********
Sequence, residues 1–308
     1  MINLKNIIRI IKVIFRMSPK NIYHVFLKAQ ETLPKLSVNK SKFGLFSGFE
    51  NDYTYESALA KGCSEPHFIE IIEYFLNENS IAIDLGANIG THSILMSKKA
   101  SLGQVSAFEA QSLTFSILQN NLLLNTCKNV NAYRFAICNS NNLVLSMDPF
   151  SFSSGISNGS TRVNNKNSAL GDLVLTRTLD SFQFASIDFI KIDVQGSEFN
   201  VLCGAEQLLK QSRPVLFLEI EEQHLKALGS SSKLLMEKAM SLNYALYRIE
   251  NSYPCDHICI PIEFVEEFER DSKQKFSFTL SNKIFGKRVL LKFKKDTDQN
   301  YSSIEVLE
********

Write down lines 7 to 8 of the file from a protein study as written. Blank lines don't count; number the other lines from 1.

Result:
   251  NSYPCDHICI PIEFVEEFER DSKQKFSFTL SNKIFGKRVL LKFKKDTDQN
   301  YSSIEVLE